I recently co-presented a webinar on researching legal information. The event was organised by TFPL, and Alan Blanchard and myself reviewed free and paid for resources together with key search techniques.
Throughout the session we polled the audience on a number of issues, the first question being “Does price guarantee quality when you are purchasing information?”. Surprisingly, given the topic of the webinar, 70% voted ‘No’ with the remaining 30% opting for ‘I don’t know’ rather than ‘Yes’. When we asked about their opinions on free information, though, 79% said they would need a result from a free source to be validated with a paid resource.
The audience could not qualify their answers – it was a simple yes/no/don’t know – but there were some interesting discussions on the issues after the event. The priced services certainly have to work hard to prove value for money and they cannot assume that their users will automatically renew each year. Free information has a big part to play in legal and business research but it is vital that one is aware of the limitations of free. For example, do you know how up to date legislation.gov.uk is and if it carries revised legislation? (See http://www.legislation.gov.uk/help#aboutRevDate for the answer). And then there is the issue of making Google run your search the way you want it run, without personalisation or deviation.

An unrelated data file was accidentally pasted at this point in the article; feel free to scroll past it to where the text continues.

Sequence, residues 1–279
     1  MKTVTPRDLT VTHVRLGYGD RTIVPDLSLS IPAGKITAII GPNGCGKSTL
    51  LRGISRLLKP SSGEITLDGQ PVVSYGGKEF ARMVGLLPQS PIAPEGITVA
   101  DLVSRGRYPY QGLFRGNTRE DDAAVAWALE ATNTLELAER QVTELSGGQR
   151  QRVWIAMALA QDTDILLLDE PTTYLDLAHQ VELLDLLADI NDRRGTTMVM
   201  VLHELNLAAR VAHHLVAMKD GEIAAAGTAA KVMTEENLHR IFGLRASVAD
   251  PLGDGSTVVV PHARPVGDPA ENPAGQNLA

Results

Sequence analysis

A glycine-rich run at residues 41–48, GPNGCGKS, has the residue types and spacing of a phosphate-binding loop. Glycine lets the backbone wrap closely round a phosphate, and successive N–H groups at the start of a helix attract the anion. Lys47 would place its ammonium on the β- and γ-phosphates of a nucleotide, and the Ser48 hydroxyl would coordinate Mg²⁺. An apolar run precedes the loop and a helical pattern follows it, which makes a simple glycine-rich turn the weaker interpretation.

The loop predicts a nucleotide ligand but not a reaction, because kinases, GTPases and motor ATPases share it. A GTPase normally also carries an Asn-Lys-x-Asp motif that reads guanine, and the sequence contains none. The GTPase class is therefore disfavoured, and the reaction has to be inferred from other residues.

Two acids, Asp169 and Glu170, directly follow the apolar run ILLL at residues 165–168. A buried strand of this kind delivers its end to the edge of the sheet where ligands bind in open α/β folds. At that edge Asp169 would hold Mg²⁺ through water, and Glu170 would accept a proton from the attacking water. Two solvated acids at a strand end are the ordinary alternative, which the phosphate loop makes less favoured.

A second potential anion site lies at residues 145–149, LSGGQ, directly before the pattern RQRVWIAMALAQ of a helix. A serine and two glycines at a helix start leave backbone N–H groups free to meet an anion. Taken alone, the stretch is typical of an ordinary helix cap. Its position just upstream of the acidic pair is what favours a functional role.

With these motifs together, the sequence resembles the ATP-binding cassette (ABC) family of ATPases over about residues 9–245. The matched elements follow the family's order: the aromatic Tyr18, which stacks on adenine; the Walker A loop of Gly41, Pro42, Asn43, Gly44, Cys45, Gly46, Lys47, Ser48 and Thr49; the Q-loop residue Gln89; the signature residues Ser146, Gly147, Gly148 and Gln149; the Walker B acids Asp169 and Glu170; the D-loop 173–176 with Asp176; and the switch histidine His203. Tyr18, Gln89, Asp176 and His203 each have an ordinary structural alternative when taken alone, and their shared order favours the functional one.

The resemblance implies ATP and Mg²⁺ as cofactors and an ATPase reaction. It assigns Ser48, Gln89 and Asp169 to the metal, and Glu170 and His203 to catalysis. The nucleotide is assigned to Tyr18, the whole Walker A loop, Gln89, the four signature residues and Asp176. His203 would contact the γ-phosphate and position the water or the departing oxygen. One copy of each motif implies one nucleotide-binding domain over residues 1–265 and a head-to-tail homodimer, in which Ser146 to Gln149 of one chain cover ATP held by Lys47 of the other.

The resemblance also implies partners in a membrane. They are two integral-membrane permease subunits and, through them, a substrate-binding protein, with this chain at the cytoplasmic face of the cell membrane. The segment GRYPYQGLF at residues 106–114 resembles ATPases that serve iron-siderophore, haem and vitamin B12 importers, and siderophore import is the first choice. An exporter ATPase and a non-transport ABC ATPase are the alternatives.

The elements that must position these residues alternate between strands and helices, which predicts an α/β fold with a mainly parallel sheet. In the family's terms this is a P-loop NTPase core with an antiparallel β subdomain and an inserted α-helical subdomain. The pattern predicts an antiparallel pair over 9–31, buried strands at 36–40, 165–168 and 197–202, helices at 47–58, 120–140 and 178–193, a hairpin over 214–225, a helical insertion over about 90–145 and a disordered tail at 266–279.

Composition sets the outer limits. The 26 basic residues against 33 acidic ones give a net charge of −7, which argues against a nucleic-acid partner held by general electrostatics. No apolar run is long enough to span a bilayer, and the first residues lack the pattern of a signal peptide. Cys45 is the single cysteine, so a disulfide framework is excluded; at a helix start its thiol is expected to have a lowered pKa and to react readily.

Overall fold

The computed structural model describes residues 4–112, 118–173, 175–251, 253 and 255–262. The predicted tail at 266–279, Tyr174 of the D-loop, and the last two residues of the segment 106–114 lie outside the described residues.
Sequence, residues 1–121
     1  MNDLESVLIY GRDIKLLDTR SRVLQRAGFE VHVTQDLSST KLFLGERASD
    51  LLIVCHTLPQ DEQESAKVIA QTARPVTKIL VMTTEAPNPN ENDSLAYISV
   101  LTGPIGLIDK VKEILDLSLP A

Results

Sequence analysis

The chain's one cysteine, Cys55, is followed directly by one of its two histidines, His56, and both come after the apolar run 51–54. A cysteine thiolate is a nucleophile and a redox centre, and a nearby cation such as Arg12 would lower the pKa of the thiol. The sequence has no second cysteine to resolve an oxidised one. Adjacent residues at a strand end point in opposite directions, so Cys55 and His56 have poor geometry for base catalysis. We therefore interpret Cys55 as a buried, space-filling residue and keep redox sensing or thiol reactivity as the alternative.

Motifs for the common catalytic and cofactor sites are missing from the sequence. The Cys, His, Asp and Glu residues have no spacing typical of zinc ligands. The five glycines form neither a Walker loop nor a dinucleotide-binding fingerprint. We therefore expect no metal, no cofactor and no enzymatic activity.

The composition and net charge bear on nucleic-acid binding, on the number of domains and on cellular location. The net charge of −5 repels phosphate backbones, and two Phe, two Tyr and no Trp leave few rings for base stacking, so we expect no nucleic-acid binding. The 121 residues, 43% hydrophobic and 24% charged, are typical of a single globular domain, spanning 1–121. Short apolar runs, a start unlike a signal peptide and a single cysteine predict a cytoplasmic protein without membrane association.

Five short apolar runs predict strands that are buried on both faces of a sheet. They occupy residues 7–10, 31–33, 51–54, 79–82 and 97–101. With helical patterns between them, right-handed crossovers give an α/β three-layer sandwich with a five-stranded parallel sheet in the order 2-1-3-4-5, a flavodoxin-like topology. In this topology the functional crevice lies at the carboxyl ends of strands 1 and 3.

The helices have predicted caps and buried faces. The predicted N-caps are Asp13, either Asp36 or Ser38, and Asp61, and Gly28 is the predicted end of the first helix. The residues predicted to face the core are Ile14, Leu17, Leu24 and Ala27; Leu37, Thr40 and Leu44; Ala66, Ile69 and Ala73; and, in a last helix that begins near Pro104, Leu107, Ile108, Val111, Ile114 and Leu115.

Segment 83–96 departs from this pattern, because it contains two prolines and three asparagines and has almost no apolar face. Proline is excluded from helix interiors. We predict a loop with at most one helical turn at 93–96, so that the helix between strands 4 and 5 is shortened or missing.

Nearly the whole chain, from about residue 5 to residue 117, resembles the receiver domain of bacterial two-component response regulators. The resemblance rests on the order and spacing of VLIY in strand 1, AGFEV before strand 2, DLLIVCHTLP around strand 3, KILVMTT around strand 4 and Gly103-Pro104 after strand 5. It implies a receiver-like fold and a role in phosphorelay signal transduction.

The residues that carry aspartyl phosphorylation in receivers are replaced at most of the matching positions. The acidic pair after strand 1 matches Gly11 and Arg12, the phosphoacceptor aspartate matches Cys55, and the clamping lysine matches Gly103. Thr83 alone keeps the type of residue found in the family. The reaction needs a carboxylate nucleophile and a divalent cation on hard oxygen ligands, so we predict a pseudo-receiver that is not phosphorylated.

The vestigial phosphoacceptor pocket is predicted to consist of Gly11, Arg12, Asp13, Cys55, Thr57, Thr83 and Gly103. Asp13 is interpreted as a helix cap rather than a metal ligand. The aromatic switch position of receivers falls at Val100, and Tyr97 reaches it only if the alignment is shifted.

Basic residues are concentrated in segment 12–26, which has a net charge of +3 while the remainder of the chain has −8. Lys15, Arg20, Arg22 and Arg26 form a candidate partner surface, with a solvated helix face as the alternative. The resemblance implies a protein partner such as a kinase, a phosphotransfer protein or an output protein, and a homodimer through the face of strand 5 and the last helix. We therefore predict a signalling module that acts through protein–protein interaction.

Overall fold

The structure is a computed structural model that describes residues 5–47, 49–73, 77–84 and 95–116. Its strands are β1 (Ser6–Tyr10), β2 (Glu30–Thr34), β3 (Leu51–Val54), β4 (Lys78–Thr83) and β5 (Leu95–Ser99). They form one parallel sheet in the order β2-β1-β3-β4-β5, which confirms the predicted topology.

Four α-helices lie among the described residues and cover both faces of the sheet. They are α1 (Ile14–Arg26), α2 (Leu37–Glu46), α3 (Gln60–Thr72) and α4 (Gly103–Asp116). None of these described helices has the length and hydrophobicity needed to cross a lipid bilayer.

I am running two public access workshops this autumn for TFPL that look at free versus fee resources for business and legal information. The first, on 19th September 2013, is Business information: key web resources and covers:
- Portals and key starting points
- Company information
- Industry information
- Official statistics, market research
- News sources, RSS and alerting services
- Social media and professional networks
The second is Free resources and search techniques for EU and UK legislation and is on 13th November 2013. It will be looking at:
- How to use advanced search commands to find news and information on legislation
- How to use reading level and date ranges to focus the search
- Searching foreign language pages
- Options for searching journals, research information, grey literature
- Alternatives to Google, specialist tools and sites
- Assessing quality and relevance
Both days include practical sessions and places on the workshops are limited. Contact TFPL for further information and bookings.